He also has determined that the woodchuck cycles can be influenced by photoperiods but only if nature is mimicked more closely and the animals are exposed each day to a slightly longer or shorter day. By exposing the woodchucks to computer-controlled lighting, with gradually lengthening or gradually shortening "days," Concannon has been able to entrain woodchucks to a circannual cycle as if they were living in Australia or South America and another group of woodchucks to an 8-month year.

Concannon's studies, which have recently been published in Biology of Reproduction, Laboratory Animal Science and the Journal of Experimental Zoology, have been the first to conclusively demonstrate that the endogenous circannual cycle in these animals, and probably in all temperate species, are entrained by photoperiods and that daily changes in light are more critical than day length.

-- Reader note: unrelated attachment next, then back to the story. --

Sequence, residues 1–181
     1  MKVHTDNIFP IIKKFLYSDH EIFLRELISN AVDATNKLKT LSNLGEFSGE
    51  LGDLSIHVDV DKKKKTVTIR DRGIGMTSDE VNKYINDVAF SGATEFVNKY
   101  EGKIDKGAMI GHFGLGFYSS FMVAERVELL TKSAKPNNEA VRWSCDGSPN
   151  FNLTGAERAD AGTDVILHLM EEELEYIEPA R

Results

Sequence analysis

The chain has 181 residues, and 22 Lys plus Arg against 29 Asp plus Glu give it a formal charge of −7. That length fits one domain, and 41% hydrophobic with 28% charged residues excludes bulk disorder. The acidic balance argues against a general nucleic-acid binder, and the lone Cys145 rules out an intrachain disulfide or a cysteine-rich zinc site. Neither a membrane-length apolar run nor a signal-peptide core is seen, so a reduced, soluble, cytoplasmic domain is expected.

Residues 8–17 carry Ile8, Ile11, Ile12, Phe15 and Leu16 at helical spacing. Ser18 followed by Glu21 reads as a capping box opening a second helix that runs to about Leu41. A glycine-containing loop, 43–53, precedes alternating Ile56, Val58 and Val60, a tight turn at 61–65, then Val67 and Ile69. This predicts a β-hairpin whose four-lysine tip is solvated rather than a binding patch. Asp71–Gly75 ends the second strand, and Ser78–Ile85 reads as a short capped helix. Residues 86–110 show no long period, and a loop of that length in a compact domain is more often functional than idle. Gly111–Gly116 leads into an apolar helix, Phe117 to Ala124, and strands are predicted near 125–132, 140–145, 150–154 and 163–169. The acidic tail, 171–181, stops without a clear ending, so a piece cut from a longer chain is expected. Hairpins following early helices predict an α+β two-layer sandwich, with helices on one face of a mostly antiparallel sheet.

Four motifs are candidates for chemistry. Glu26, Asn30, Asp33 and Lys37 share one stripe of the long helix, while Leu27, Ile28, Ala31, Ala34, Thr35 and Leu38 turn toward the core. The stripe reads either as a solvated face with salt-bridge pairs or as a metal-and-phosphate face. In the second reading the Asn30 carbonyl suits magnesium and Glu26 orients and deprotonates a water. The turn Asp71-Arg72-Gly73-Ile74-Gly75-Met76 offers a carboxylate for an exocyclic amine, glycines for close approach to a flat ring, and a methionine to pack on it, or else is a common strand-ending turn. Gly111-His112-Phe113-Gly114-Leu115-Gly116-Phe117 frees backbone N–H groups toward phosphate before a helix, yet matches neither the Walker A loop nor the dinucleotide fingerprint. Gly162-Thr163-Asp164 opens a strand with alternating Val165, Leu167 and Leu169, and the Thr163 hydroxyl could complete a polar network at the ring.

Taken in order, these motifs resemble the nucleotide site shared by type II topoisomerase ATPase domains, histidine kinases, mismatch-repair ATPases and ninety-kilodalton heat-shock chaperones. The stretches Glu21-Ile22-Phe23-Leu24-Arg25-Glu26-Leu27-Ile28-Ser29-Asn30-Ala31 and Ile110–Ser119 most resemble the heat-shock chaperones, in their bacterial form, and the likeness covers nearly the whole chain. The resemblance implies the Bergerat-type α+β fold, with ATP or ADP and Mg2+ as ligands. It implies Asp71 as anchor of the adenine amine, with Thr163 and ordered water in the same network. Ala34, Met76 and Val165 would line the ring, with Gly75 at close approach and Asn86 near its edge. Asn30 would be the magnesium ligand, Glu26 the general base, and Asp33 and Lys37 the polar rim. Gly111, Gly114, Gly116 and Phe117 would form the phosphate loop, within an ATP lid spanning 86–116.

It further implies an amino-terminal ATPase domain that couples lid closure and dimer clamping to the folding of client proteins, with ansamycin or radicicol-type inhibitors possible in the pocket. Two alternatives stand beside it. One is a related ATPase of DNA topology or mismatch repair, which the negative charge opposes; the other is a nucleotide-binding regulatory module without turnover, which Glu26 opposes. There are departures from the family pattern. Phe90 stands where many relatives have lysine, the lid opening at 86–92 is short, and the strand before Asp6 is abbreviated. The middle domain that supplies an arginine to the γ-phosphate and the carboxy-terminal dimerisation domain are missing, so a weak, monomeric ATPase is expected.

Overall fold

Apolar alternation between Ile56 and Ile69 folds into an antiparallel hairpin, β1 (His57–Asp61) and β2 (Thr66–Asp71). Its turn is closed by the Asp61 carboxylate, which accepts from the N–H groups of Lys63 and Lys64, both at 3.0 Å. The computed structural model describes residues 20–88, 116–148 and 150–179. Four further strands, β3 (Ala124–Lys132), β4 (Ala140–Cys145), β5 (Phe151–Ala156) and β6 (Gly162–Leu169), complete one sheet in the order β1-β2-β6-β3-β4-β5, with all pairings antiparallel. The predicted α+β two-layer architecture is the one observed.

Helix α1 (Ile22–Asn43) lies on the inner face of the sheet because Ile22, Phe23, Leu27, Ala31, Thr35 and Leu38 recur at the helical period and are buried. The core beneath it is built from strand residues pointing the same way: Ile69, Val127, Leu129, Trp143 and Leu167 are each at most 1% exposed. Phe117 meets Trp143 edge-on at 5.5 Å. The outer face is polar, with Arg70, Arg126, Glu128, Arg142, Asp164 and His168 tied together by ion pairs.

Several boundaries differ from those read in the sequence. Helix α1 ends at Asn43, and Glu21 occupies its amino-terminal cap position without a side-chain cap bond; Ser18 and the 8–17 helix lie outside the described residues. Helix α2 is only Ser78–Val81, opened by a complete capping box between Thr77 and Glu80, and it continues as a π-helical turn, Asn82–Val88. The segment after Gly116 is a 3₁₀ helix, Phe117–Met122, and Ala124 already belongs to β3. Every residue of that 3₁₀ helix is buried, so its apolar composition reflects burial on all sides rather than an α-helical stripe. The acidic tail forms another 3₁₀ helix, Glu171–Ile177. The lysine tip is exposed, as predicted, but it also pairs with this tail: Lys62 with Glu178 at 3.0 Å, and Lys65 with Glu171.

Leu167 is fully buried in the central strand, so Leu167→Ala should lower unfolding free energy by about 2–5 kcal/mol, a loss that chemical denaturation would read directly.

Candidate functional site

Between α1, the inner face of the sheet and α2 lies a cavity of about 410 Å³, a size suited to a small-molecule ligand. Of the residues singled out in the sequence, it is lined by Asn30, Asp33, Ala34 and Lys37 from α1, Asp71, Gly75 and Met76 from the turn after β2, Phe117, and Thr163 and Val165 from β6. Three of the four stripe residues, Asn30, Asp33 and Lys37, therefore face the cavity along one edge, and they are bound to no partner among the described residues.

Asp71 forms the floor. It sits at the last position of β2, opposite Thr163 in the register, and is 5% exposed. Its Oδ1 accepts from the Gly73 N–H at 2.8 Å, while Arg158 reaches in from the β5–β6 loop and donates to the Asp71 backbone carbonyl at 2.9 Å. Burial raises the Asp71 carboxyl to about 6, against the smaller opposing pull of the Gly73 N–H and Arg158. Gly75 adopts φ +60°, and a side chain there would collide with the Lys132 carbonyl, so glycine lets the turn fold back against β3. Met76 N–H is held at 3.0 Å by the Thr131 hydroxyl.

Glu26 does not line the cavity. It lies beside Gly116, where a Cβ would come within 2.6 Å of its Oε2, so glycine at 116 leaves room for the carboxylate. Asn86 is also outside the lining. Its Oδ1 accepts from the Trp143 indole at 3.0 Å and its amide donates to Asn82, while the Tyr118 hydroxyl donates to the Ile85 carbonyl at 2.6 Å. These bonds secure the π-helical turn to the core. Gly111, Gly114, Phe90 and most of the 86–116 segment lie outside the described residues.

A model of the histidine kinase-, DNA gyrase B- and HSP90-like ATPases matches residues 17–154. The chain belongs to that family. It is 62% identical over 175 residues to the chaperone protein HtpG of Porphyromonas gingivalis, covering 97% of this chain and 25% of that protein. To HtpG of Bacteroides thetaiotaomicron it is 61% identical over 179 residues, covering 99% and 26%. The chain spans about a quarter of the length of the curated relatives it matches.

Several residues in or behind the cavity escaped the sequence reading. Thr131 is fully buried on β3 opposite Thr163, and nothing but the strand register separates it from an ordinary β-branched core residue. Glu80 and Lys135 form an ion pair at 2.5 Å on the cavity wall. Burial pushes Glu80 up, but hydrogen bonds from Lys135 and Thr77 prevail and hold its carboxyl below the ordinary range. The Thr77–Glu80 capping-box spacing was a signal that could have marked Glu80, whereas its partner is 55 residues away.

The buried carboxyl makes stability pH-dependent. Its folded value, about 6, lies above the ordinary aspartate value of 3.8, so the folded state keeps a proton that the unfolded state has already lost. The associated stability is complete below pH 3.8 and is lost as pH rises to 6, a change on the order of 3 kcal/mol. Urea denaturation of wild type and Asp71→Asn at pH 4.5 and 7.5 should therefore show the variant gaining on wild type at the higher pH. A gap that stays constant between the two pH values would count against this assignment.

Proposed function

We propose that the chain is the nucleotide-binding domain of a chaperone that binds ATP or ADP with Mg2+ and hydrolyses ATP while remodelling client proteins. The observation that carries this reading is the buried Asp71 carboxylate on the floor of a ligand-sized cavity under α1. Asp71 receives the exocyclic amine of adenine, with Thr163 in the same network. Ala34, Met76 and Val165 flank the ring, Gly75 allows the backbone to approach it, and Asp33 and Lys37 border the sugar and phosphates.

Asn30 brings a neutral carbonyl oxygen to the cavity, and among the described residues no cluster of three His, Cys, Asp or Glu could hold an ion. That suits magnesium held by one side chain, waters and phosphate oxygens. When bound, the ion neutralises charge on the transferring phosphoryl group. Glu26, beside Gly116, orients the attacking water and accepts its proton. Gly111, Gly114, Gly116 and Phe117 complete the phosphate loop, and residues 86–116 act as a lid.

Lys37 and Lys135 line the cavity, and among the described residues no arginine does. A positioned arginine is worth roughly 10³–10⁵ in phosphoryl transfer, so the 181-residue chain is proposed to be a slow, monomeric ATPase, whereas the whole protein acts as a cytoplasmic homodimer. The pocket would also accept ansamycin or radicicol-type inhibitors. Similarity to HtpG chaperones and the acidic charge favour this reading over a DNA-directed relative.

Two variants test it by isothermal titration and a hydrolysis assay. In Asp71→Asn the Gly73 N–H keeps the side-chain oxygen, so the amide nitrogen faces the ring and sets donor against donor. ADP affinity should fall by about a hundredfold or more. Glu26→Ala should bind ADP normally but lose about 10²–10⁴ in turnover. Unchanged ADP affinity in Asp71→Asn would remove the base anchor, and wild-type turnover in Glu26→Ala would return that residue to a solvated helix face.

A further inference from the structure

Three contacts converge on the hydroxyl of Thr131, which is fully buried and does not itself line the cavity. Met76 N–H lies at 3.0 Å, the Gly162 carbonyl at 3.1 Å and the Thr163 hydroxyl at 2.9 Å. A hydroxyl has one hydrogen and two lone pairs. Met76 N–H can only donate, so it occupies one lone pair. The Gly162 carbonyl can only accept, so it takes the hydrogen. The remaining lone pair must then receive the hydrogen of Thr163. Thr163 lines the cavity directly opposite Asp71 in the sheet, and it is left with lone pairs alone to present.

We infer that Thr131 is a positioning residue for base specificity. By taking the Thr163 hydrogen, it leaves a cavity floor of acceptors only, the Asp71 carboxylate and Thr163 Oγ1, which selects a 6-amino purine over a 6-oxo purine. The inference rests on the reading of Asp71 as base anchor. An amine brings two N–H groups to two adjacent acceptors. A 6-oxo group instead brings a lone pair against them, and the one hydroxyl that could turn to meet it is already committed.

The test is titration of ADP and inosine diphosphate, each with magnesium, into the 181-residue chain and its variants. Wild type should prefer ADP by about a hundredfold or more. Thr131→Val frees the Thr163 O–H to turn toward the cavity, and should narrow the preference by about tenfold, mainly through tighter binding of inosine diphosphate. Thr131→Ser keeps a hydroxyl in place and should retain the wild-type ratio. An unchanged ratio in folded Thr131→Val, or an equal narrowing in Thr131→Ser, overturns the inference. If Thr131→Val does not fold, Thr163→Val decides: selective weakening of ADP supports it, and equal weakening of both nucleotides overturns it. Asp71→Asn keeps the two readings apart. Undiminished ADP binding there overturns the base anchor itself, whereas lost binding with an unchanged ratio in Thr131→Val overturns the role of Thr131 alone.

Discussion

The endogenous cycles of the woodchuck are so strong that even in the laboratory, where the temperature is maintained at 70 degrees year-round with ample food and water, some woodchucks still stop eating and hibernate because of the underlying biology of the circannual cycle, Concannon said.

"And guess when they stop hibernating? Right around Groundhog Day in early February," he said. He suspects that their urge to hibernate is driven by decreasing 'day-length' but that the effectiveness of short days (or even total darkness underground) wears off over time. When that happens, the processes are reversed, and the rodents emerge from hibernation with a very healthy appetite and high energy, which are further stimulated by the increasing day lengths that occur in late winter and spring.